Cybersecurity (opens in new tab) researchers recently discovered half a dozen typosquatting packages in the official PyPI repository of the Python (opens in new tab) programming languages that contained cryptomining (opens in new tab) malware.
The discovery was made by software supply chain automation and security provider Sonatype, which found six malicious packages (opens in new tab) that used slight variations in the names of popular Python packages to capitalize on users’ spelling mistakes.
In all, the six counterfeit packages garnered over 5000 downloads, once again highlighting the threat to software supply chains.
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“Our analysis tools are consistently catching and blocking counterfeit and malicious software components before they strike modern software supply chains,” writes Sonatype security researcher, Ax Sharma.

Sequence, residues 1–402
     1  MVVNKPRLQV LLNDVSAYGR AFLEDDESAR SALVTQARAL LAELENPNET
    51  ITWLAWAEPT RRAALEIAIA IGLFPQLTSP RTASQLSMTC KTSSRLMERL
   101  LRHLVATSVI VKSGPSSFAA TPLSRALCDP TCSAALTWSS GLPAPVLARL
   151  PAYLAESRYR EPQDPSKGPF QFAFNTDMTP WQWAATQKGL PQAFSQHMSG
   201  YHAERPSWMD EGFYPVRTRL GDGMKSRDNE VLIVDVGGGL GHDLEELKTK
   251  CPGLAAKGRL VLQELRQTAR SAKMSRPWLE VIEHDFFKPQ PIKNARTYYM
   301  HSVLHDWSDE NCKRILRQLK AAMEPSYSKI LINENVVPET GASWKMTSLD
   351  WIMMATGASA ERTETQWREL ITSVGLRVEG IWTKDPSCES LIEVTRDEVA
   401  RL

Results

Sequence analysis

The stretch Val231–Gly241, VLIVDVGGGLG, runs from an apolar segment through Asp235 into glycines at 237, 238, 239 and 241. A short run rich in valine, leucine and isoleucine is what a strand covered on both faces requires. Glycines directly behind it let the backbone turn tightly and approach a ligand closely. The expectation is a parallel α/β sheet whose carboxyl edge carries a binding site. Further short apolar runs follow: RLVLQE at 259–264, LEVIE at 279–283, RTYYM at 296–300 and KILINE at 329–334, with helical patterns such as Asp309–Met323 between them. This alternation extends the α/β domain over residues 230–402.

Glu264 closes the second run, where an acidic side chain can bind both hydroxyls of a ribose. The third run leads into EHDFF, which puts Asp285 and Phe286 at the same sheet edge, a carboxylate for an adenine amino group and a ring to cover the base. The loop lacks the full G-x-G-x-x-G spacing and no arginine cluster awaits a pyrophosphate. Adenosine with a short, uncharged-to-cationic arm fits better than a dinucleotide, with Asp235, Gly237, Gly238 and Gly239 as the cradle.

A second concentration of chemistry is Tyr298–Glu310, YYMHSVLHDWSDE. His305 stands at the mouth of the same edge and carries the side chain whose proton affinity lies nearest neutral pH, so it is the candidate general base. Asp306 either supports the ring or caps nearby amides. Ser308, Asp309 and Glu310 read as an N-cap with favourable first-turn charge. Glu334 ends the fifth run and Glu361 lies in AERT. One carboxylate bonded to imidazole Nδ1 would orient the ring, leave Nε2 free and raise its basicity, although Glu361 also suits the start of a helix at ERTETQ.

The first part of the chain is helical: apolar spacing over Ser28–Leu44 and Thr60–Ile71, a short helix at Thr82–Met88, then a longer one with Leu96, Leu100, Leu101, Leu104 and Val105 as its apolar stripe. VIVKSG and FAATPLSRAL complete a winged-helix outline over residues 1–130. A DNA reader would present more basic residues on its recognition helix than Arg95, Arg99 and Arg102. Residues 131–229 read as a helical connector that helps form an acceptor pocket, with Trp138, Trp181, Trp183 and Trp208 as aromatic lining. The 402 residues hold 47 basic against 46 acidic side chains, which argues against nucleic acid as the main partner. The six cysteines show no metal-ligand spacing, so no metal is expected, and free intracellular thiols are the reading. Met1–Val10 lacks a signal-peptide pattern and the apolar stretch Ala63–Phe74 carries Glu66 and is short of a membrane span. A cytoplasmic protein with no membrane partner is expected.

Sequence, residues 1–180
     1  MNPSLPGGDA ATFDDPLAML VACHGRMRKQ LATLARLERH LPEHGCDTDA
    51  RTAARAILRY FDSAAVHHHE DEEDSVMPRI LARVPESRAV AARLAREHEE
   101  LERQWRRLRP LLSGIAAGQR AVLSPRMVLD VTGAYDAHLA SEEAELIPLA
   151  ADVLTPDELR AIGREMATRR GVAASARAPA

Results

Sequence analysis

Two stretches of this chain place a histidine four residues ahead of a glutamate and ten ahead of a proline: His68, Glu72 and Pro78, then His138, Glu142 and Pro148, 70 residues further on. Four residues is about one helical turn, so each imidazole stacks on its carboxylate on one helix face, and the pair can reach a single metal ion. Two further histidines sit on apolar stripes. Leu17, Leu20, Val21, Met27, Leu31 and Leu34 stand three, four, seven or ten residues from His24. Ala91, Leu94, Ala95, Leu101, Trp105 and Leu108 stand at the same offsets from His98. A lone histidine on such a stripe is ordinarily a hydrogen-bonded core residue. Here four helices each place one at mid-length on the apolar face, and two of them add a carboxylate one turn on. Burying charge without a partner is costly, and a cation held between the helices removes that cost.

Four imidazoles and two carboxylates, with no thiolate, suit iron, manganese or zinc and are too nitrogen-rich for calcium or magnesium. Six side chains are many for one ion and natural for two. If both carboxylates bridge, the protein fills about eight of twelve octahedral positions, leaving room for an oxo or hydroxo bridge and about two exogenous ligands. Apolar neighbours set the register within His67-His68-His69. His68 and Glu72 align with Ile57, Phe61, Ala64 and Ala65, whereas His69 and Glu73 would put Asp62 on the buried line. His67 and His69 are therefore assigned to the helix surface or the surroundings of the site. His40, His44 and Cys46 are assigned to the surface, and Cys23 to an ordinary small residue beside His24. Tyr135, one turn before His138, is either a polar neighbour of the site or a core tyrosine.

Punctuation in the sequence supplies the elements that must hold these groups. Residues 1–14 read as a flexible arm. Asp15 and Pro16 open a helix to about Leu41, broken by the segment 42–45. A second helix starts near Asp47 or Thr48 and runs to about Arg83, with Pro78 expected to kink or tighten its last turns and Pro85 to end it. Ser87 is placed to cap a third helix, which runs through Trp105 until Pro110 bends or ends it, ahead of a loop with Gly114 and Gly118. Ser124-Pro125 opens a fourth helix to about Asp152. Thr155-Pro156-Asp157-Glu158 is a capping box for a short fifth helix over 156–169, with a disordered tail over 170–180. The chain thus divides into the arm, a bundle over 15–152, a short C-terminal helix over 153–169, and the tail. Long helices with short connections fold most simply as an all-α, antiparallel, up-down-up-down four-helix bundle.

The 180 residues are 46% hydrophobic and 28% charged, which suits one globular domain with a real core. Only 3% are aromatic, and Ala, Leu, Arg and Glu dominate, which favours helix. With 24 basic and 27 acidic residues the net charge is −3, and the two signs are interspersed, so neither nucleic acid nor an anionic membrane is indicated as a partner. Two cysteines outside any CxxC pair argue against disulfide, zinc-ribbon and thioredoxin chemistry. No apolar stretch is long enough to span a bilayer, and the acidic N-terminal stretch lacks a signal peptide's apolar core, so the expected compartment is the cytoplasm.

Supply chain attacks
Sharma’s analysis shows the fake packages were all submitted by the same author, some dating as far back as April 2021.
This isn’t the first time malicious users have managed to infuse dubious packages inside PyPI, and Sonatype argues it won’t be the last, however unfortunate that might sound.
While they shouldn’t be taken lightly, the revelations can quickly turn ugly when viewed in context of the recent Veracode finding (opens in new tab) that suggests a majority of developers (opens in new tab) never update third-party open source (opens in new tab) libraries after including them in a codebase.
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